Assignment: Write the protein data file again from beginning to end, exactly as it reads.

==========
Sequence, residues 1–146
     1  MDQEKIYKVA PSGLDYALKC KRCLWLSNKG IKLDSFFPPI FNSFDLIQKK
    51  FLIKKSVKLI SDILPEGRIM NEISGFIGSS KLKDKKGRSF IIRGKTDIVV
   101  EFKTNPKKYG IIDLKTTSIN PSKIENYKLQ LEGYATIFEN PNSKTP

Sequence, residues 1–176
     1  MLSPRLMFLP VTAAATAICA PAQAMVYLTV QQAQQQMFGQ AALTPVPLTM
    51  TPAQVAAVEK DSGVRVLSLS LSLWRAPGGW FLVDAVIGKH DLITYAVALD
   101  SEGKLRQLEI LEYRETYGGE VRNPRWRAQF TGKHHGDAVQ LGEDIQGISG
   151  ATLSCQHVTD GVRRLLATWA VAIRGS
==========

Sequence, residues 1–146
     1  MDQEKIYKVA PSGLDYALKC KRCLWLSNKG IKLDSFFPPI FNSFDLIQKK
    51  FLIKKSVKLI SDILPEGRIM NEISGFIGSS KLKDKKGRSF IIRGKTDIVV
   101  EFKTNPKKYG IIDLKTTSIN PSKIENYKLQ LEGYATIFEN PNSKTP

Sequence, residues 1–176
     1  MLSPRLMFLP VTAAATAICA PAQAMVYLTV QQAQQQMFGQ AALTPVPLTM
    51  TPAQVAAVEK DSGVRVLSLS LSLWRAPGGW FLVDAVIGKH DLITYAVALD
   101  SEGKLRQLEI LEYRETYGGE VRNPRWRAQF TGKHHGDAVQ LGEDIQGISG
   151  ATLSCQHVTD GVRRLLATWA VAIRGS